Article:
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Understand Pressure

In this worksheet, students will be introduced to the concept of pressure.

'Understand Pressure' worksheet

Key stage:  KS 3

Year:  Year 8 Science worksheets

Curriculum topic:   Physics: Motion and Forces

Curriculum subtopic:   Pressure in Fluids

Difficulty level:  

Worksheet Overview

It can be quite easy to push a pin like this into a cork board. But, if you tried to push a flat coin into a cork board with the same force, it would be much more difficult. Why is that?


drawing pin


The area of the point of the pin is much smaller than the area of a coin. The force you apply is concentrated over a smaller space on the pin, making it easier to push into a cork board.


This is an example of pressure. Let's learn about pressure and how to calculate it!


Pressure is the amount of force pushing over a certain area. The size of the pressure depends on the size of the force and the area it is applied to. This can be shown using the following formula:


    Force (N)
Pressure (Pa) =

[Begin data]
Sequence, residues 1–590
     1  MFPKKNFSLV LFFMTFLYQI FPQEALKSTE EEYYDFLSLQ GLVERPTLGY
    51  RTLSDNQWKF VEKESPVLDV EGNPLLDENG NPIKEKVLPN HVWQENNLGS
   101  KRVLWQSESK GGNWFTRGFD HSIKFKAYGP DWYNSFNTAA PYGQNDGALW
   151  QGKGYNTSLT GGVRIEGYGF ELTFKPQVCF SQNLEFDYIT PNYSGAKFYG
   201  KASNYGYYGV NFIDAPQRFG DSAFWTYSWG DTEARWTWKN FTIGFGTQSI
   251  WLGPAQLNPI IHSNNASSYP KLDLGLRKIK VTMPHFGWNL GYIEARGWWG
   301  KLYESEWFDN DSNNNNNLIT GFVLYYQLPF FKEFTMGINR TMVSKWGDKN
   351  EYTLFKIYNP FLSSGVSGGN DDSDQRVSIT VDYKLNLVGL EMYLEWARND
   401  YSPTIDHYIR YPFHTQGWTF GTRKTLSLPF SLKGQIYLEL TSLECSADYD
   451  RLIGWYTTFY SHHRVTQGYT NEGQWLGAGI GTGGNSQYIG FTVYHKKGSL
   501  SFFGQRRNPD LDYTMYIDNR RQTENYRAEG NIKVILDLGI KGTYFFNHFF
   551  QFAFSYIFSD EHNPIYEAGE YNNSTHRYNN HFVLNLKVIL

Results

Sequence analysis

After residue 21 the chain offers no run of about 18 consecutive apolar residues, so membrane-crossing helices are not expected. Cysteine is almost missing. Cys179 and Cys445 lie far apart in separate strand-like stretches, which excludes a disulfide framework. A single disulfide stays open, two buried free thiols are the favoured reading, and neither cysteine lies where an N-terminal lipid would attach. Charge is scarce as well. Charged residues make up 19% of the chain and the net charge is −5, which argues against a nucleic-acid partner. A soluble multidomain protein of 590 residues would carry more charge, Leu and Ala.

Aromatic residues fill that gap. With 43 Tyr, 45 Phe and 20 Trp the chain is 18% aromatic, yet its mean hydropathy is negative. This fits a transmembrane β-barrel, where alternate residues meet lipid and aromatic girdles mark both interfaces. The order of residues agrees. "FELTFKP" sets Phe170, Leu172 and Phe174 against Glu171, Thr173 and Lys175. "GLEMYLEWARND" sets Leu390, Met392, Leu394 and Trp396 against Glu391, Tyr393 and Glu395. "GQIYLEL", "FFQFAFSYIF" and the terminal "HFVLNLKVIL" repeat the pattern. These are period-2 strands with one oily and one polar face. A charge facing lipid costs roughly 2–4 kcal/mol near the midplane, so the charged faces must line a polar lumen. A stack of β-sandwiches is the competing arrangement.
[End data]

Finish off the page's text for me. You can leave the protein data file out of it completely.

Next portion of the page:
Area (m2)


Force is measured in Newtons (N) and the area in m2. The unit for pressure is Pascal (Pa). 1 Pascal is equivalent to 1 Newton per square metre.


High pressure can break things more easily than low pressure. If you stand on a piece of cardboard wearing high-heeled shoes, you're very likely to make a hole in it because the pressure will be high from that one narrow heel. If an elephant stood on that same piece of cardboard, the pressure would be less because of the larger surface area of its foot and so there would be less chance of making a hole. 


elephant high heeled shoes


Having feet with a large surface area helps camels to spread their weight when walking in a sandy desert - it reduces the pressure of their feet on the ground and makes it easier for them to walk without sinking into the sand. 




 Keeping the size of the force the same will lower the pressure on a large area, whereas, for a small area, the pressure will increase.


A large surface area can also mean that more force needs to be applied. For example, if you try to cut an apple with the flat side of a knife, you're going to have a bit of trouble - because the area of the knife is large, more force will be needed to exert the pressure necessary to cut the apple. Turn the knife to its thin, sharp edge, and the area is reduced, meaning that less force is needed to chop that apple. This is also the reason why nails have sharp points, so that less force needs to be applied to hammer it into a piece of wood.


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